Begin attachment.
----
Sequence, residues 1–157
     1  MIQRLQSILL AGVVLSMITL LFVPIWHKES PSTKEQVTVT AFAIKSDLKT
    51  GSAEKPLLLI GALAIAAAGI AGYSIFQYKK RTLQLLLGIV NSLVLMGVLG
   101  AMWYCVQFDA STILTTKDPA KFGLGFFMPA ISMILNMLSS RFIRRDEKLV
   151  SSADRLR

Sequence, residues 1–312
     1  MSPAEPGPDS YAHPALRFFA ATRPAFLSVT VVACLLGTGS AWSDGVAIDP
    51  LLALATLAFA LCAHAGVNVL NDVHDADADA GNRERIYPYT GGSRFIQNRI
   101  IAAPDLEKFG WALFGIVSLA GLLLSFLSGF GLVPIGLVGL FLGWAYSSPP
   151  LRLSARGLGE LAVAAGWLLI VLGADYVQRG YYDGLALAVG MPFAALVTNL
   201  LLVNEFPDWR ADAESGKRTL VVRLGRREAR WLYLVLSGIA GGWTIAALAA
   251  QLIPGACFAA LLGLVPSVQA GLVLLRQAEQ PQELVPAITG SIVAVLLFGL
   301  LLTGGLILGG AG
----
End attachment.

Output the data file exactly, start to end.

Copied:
Sequence, residues 1–157
     1  MIQRLQSILL AGVVLSMITL LFVPIWHKES PSTKEQVTVT AFAIKSDLKT
    51  GSAEKPLLLI GALAIAAAGI AGYSIFQYKK RTLQLLLGIV NSLVLMGVLG
   101  AMWYCVQFDA STILTTKDPA KFGLGFFMPA ISMILNMLSS RFIRRDEKLV
   151  SSADRLR

Sequence, residues 1–312
     1  MSPAEPGPDS YAHPALRFFA ATRPAFLSVT VVACLLGTGS AWSDGVAIDP
    51  LLALATLAFA LCAHAGVNVL NDVHDADADA GNRERIYPYT GGSRFIQNRI
   101  IAAPDLEKFG WALFGIVSLA GLLLSFLSGF GLVPIGLVGL FLGWAYSSPP
   151  LRLSARGLGE LAVAAGWLLI VLGADYVQRG YYDGLALAVG MPFAALVTNL
   201  LLVNEFPDWR ADAESGKRTL VVRLGRREAR WLYLVLSGIA GGWTIAALAA
   251  QLIPGACFAA LLGLVPSVQA GLVLLRQAEQ PQELVPAITG SIVAVLLFGL
   301  LLTGGLILGG AG